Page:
When working within the formulaic framework that has been built up over the years within the Bond franchise it is arguably impossible not to duplicate that which has come before. The submarine swallowing oil tanker Liparus of ‘The Spy Who Loved Me’ is a copy of the capsule swallowing spaceship of ‘You Only Live Twice’. ‘A View To A Kill’ has been accused of being a copy of ‘Goldfinger’ with ‘Operation Main Strike’ taking the place of ‘Operation Grand Slam’. In this ‘Octopussy’ is no different and like ‘AVTAK’ duplicates many elements of the narrative structure from ‘Goldfinger’.

Goldfinger

007 is briefed to investigate gold smuggling.

007 plays the villain at a game of golf in which they are cheating, Bond turns the tables on them to win the game.

The loyal henchman crushes the illicit means of their cheating as a intimidation of physical strength

The lead ‘Bond Girl’ seems to be in league with the villain.

The lead ‘Bond Girl’ is the head of an all-female criminal gang.

We believe the plot is all about the theft of the gold in Fort Knox.

It is revealed there is an atomic bomb in play.

The villain explains the bomb exploding is not the final goal but part of a bigger plan – western economic collapse.

The final confrontation takes place aboard a private plane.

Octopussy

007 is briefed to investigate jewellery smuggling.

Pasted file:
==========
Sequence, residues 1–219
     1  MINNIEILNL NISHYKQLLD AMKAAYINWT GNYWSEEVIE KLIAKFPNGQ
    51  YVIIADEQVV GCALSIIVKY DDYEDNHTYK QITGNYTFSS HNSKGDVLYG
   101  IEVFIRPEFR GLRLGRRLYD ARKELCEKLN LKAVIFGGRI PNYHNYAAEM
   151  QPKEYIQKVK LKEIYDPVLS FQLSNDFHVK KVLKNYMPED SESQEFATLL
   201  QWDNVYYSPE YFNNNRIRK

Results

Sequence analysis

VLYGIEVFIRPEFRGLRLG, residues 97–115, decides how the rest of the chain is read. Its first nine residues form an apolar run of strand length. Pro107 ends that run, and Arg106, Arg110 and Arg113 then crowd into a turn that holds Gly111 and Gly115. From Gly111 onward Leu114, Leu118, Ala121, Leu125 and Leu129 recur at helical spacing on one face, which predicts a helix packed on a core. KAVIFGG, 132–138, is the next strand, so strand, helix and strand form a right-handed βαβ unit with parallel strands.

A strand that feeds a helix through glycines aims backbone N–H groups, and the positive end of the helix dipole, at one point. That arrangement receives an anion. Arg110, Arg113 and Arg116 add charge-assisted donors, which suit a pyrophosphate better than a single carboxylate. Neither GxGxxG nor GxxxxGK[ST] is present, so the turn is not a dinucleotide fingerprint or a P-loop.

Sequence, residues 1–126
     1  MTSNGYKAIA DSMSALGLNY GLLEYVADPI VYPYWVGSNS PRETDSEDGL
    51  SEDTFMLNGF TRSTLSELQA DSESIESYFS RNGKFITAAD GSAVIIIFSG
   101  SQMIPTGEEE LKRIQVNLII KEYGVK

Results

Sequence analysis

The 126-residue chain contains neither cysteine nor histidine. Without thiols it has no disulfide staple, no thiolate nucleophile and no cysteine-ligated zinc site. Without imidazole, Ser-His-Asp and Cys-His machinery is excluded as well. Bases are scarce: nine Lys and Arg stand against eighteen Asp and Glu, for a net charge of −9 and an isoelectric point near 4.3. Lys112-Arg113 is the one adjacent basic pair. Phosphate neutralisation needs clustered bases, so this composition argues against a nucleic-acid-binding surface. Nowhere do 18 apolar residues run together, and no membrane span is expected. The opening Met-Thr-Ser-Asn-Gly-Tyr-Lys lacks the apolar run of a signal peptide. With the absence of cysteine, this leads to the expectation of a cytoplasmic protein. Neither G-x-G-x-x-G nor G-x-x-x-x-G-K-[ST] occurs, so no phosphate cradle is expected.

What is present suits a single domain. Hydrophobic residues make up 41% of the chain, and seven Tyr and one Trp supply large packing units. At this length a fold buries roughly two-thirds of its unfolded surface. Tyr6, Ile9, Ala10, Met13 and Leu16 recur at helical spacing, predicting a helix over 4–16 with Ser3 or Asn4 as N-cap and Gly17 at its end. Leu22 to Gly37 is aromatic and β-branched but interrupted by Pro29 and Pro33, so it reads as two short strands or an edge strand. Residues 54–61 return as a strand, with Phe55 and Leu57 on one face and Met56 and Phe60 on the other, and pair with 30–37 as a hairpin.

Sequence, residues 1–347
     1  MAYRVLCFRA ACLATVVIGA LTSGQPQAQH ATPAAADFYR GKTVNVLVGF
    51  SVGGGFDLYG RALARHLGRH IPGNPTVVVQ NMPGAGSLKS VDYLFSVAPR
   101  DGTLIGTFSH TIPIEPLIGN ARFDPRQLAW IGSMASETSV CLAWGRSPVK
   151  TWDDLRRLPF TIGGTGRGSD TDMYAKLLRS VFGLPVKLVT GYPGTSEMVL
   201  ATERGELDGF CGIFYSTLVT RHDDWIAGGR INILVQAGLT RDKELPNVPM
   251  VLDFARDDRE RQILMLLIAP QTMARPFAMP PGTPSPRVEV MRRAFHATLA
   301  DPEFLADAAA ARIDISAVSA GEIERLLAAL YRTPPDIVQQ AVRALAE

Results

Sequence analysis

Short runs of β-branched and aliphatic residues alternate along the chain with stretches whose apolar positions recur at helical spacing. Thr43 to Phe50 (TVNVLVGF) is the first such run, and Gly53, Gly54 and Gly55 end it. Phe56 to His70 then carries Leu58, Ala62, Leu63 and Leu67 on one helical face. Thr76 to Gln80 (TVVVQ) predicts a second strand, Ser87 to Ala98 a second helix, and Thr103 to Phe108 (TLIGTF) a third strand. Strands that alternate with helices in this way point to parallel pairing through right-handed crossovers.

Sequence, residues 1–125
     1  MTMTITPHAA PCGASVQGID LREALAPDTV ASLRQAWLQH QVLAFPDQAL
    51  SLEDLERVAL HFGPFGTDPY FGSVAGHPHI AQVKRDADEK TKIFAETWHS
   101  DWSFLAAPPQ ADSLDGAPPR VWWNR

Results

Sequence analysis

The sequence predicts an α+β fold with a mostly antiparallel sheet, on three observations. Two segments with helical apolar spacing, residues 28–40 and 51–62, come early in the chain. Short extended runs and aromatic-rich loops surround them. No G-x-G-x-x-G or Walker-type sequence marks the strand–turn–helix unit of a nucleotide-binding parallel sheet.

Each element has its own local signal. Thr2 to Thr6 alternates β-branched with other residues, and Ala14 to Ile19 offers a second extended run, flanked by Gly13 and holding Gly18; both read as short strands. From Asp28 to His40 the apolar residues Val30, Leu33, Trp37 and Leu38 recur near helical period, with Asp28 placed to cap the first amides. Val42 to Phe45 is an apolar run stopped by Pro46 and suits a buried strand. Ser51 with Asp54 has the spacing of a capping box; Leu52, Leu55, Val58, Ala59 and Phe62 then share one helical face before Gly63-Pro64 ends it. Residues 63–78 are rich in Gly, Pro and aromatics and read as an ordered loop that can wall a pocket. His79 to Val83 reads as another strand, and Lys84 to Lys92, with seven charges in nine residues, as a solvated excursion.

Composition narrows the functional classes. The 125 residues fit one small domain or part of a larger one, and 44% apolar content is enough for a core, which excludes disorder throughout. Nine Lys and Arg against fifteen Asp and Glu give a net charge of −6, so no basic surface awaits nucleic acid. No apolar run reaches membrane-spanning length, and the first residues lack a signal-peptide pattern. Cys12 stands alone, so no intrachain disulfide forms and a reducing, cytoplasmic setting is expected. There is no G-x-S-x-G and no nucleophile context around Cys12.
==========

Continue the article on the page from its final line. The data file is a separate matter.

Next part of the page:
007 plays the villain at a game of Backgammon in which they are cheating, Bond turns the tables on them to win the game.

The loyal henchman crushes the illicit means of their cheating as a intimidation of physical strength

The lead ‘Bond Girl’ seems to be in league with the villain.

The lead ‘Bond Girl’ is the head of an all-female criminal gang.

We believe the plot is all about the theft of the jewels in the Kremlin Repository

It is revealed there is an atomic bomb in play.

The villain explains the bomb exploding is not the final goal but part of a bigger plan – western nuclear disarmament.

The final confrontation takes place aboard a private plane.

Throughout the film there is duality in what is real and what is fake…

·      The two Faberge eggs, one genuine and one fake, that provide the initial impetus for the story.

·      Escaping from the Cuban (?) authorities Bond steps into a horsebox and emerges in the Acrostar jet, its disguise/camoflage being a fake horse’s arse.

·      We are shown an alligator swimming through the water, but it is revealed to be fake and actually a mini sub used to infiltrate Octopussy’s floating palace.

·      In the tunnel while the circus train crosses the border a duplicate rail carriage is revealed containing duplicate costumes, props and cannon – hidden within is not the stolen jewels but the atomic bomb.